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Prudent estate planning in the digital age

08 May 2015

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  • Wills & Estates

Most people in this digital age will have some form of online presence or online assets. Information, documents and assets are being held by people in a multitude of electronic forms, either online or stored in electronic devices. The way that information is stored and held keeps changing with advances in technology. For example, note the rapid technological changes in how we save and store data from cassette recordings and hard discs to DVD’s, USB flash drives, the “cloud”, etc. The mind boggles with how much information is being created with laptops, phones, emails, documents, photos, etcetera – so many devices and backups.

Have you ever wondered what happens to your digital data or property when you pass away or can no longer operate your online accounts?

In contemporary times, when many of our assets are stored in the ‘digital universe’, an important aspect of estate planning involves accounting for digital assets in the case of incapacity and death.

The term “digital assets” includes but is not limited to any files stored on  digital devices, email accounts, online bank accounts, pay pal, digital videos, digital photobooks, tweets, digital music, e-books, iCloud, games, virtual storage facilities, virtual real estate assets, software licenses, loyalty programs digital currency and any social media and social networking accounts that operate in one’s name, regardless of the ownership of the software or digital device upon which the item is stored.

Given this expansive definition, you can imagine that significant monetary and sentimental value may be lost or rendered irretrievable if one does not comprehensively plan ahead with respect to their digital assets. Comprehensive planning translates to having arrangements in place for access and control of your assets by another person.  This is important because privacy is so tightly drawn over the persona of an online person when they die.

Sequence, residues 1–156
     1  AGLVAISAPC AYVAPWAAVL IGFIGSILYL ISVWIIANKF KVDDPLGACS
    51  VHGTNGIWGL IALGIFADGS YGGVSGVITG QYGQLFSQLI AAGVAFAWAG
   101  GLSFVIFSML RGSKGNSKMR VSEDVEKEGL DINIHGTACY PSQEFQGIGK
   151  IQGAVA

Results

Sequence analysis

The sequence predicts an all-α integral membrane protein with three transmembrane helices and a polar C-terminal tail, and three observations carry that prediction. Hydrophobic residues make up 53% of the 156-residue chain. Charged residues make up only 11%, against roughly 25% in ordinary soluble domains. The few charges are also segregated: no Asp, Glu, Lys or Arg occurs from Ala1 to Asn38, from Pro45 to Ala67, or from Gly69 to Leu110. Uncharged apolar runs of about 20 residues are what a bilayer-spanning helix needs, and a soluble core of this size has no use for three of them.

… So how would a prudent planner deal with their digital assets?

Dealing with your digital assets through an enduring power of attorney

In the event of incapacity, a prudent planner would ensure that their access details are made known to their attorney.

Imagine the encumbrance felt by an attorney in having to overcome the various obstacles posed by service providers in order to obtain access to, for example, your bank account just to do something as simple as pay an account on your behalf. Without usernames or passwords, accessing accounts becomes a burdensome task which could take months to achieve, if at all. This could be avoided by simply noting the information down, informing your next of kin of its existence and updating the information regularly.

At Snedden Hall & Gallop, we recommend that our clients complete a ‘memorandum of digital assets’ to be stored with their personal papers in a secure place.  A memorandum contains the access information to the various online accounts held in the person’s name. When we draft Enduring Power of Attorney at Snedden Hall & Gallop, we include a standard clause in relation to digital assets in the document which refers to a memorandum of digital assets and which includes a direction allowing the attorney to deal widely with the digital accounts. Of course, the wording can be altered or removed according to the client’s preference.

Dealing with your digital assets through your will

Given the ubiquity of digital data in present times, it is crucial to bear in mind your digital assets when preparing your will so as to ensure that administration is as efficient and productive as possible for your executor. We recommend you keep the following points in mind:

Choose a technologically savvy digital executor

This might be a special ‘digital executor’, who is separate from the executor appointed under the will to deal with your regular possessions. Alternatively, you might prefer to nominate a person who is authorised to assist the executor with the technical aspects of managing the digital estate.